questing for the perfect waterbottle

In, oh, ten years of using only a bike for transportation, I have yet to find the perfect waterbottle solution. Since I started biking, I’ve generally used some form of the generic plastic bottle–you know, the kind where you can open it with your teeth while you’re biking and hydrate yourself on the go.

That’s the bottle I’ve been using for the last few months, for example. The problem with these bottles, though, is that no matter how much you wash them, the top inevitably develops internal mold. Unless you can actually totally remove the nozzle part, there’s no way to get in there to scrub it all, or to dry it. And thus it molds.

As one of the most cavalier people I know when it comes to germs, I generally just pretend like the mold doesn’t exist until it becomes so obvious that I worry I might be embarrassing myself by carrying it around in public–but that doesn’t seem super ideal. Of course, if you don’t use your water bottle that much, mold probably isn’t a problem. But I’ve got some pretty long commutes and a penchant for joyriding–which means that I’m pretty constantly using my water. Even alternating between two bottles doesn’t really give either one a chance to dry out completely.

I know I could just use a bottle until it’s gross and then get a new one, but that rankles my sense of sustainability. So in the quest for a bottle that won’t mold, that I can wash and use forever, I’ve started with the Kleen Kanteen, a BPA-free, aluminum-free, totally washable bottle that should last forever. And since it doesn’t have that silly little nozzle, I can wash every part of it. No mold!

However, not having that nozzle means that I can’t drink water as I’m biking. It’s perhaps not a huge deal. It may just mean that I need to change my biking habits, to take long drinks before I start and after I’m done and then not worry about the middle. However, like I said, I do have some pretty long commutes, and I hate the inefficiency of stopping in the middle to unscrew my waterbottle and get a drink.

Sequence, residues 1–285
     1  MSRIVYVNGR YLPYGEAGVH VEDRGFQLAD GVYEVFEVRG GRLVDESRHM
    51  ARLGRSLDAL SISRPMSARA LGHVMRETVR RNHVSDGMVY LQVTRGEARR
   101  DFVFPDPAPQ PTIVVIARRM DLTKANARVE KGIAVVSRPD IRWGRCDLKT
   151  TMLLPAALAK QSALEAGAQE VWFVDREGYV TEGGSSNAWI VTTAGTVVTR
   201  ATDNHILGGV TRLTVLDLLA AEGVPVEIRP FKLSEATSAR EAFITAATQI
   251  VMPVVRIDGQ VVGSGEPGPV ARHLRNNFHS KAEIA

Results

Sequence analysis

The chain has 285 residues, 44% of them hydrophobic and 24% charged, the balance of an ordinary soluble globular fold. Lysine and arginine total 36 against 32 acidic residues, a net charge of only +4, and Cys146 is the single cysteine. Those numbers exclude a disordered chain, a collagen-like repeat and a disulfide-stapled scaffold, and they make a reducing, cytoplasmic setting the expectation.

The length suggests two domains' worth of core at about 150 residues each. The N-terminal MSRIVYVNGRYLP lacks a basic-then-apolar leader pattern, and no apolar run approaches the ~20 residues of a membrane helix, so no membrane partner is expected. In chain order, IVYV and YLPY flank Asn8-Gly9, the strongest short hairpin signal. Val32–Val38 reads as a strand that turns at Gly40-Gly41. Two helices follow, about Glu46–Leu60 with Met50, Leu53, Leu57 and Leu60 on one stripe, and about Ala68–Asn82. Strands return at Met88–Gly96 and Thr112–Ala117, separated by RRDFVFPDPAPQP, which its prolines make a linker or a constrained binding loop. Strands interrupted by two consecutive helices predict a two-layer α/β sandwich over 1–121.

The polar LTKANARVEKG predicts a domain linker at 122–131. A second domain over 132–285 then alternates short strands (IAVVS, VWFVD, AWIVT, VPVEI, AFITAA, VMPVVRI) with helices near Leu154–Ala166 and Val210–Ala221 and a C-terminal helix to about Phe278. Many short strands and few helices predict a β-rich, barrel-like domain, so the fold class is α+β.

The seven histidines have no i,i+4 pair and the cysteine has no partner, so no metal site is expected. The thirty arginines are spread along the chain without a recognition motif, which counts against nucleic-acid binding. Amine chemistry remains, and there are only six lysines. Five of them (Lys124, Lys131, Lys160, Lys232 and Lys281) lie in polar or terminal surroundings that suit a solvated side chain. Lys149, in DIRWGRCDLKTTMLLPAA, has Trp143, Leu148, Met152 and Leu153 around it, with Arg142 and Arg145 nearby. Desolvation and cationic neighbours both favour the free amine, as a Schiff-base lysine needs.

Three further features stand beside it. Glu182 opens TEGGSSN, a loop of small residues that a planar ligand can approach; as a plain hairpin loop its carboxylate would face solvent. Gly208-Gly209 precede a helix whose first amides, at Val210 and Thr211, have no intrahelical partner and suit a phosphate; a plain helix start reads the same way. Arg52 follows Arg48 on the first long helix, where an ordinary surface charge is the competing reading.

More than that, though, the Kleen Kanteen doesn’t really fit in my bottle cage. To adapt, I wrapped it up in this weird purple faux-leather superhero belt that I found in our basement (don’t ask me where that came from!:), so it looks sort of like this:

The belt gives it enough padding that it doesn’t rattle around in my cage when I hit bumps, but it also means that it’s incredibly annoying to put the bottle back on my bike once I take it off. Because the belt isn’t super tight, I can’t just slip the whole deal back into the cage; I have to make sure the belt pulls down with the bottle, that it doesn’t just shimmy up the side of it and leave the bottle rattling in the cage but with a great purple belt bunched up around the top of it.

Perhaps a better wrapping technique is in order. Maybe bungee cords would work.

So I don’t know. This problem of water bottles certainly isn’t the end of the world, but I wonder if anyone else out there has come up with a splendid idea that solves both the mold and the sustainability problems. Thoughts?

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  1. Pingback: » The perfect water bottle CarFreeRambles

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